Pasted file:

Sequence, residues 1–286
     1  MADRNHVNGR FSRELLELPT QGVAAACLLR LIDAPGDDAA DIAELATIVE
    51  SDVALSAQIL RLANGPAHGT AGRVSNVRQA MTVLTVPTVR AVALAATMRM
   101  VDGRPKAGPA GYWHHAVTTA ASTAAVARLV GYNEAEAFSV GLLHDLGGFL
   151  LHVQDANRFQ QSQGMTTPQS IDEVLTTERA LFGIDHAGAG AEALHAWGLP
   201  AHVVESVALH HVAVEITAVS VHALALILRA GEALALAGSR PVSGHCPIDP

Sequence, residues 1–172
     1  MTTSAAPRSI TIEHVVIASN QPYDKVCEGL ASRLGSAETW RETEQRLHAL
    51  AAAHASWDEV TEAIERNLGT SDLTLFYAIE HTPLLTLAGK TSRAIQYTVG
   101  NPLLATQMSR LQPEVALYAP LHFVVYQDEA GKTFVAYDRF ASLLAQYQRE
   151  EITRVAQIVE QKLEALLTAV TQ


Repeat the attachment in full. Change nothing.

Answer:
Sequence, residues 1–286
     1  MADRNHVNGR FSRELLELPT QGVAAACLLR LIDAPGDDAA DIAELATIVE
    51  SDVALSAQIL RLANGPAHGT AGRVSNVRQA MTVLTVPTVR AVALAATMRM
   101  VDGRPKAGPA GYWHHAVTTA ASTAAVARLV GYNEAEAFSV GLLHDLGGFL
   151  LHVQDANRFQ QSQGMTTPQS IDEVLTTERA LFGIDHAGAG AEALHAWGLP
   201  AHVVESVALH HVAVEITAVS VHALALILRA GEALALAGSR PVSGHCPIDP

Sequence, residues 1–172
     1  MTTSAAPRSI TIEHVVIASN QPYDKVCEGL ASRLGSAETW RETEQRLHAL
    51  AAAHASWDEV TEAIERNLGT SDLTLFYAIE HTPLLTLAGK TSRAIQYTVG
   101  NPLLATQMSR LQPEVALYAP LHFVVYQDEA GKTFVAYDRF ASLLAQYQRE
   151  EITRVAQIVE QKLEALLTAV TQ